Literally no one wants this war.
Trump talks about nuclear war like an insane person precisely because it’s the only powerful-seeming thing that he can get away with. Otherwise, we would see his North Korea policy for what it is: The exact same one as Obama’s. All Trump did was change the name from “strategic patience” so he could get his nimrod minions to laugh at Obama’s fatuous and wussy approach to a nuclear power. Then Trump followed that same approach. Trump’s words, then, mean absolutely nothing, and everyone knows it. Think about the ridiculous language North Korea uses to threaten us. We don’t believe it for a second. That’s exactly what Trump sounds like. Kim Jong-un won’t commit regime and personal suicide because he got called a name.
Trump isn’t trying to frighten Kim Jong-un. He’s trying to frighten his own people.
Why? Not because he’s trying to create some machiavellian distraction that in some fantasy world will somehow stop the Mueller investigation or keep him from getting impeached. If he can scare the American people, it reaffirms what he believes is his ultimate power and importance. In his mind, your fear reaffirms his self-deluded omnipotence. But he’s a eunuch.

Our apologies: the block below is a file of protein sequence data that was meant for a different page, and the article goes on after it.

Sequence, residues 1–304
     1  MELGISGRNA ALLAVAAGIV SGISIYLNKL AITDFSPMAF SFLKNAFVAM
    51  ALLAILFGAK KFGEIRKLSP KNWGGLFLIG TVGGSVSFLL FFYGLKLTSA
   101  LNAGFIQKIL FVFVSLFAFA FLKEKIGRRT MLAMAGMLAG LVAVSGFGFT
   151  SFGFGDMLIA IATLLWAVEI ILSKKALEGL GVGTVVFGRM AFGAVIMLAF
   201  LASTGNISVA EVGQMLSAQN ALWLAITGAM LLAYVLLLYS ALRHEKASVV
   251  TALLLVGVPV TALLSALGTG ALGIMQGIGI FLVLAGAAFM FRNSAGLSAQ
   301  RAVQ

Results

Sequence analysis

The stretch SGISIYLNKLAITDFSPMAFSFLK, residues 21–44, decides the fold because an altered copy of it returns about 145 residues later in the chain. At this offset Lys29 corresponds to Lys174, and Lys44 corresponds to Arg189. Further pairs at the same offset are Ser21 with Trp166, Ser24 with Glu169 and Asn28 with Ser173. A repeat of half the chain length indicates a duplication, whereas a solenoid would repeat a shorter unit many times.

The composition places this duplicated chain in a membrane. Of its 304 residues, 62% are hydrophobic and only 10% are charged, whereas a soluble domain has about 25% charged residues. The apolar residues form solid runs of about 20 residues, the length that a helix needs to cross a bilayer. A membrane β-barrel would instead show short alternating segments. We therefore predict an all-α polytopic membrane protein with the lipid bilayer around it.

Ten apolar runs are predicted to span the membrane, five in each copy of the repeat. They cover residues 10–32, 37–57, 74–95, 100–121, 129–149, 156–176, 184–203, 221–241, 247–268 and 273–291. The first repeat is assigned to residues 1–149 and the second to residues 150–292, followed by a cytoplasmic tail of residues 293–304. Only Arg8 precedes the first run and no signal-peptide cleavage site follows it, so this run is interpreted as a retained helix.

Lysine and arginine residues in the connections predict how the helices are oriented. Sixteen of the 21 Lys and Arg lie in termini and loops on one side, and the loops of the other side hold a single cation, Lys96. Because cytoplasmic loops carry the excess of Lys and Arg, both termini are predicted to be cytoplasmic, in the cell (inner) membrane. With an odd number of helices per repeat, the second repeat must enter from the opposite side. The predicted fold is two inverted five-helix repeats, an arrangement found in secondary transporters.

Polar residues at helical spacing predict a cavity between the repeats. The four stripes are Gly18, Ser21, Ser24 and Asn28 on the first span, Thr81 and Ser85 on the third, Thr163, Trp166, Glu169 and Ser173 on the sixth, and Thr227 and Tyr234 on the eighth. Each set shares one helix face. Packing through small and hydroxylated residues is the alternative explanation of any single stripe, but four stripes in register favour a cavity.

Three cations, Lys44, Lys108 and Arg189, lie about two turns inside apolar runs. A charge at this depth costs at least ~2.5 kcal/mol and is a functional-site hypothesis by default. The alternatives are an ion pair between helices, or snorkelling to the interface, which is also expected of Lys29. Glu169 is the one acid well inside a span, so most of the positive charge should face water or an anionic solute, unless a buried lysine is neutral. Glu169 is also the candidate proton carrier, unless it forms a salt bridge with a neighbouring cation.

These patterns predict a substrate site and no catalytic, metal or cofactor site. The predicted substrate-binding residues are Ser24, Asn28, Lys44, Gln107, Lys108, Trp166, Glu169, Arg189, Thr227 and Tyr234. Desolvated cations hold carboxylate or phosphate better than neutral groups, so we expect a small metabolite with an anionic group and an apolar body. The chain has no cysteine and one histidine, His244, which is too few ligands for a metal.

Of course, counting on ineptitude to keep lives from being lost isn’t exactly reassuring, but it’s not Trump’s ineptitude that we’re counting on—it’s the proven fortitude of our institutions. We can’t lose faith in those institutions the way the Trump movement has. Our democracy depends on that faith. Don’t let Donald Trump of all people shape your worldview.
Which brings me to probably the most controversial part of this whole article: It’s ridiculous to believe that Trump would start a nuclear war because he decides he wants to. He might want to, but he’d never do it. And if he started losing his mind and rambling to aides in private about using nukes, he wouldn’t be in office long. Even if he did try, of course, it wouldn’t work.
Be wary, of course, but don’t be afraid. At least not until we order U.S. citizens to leave Seoul.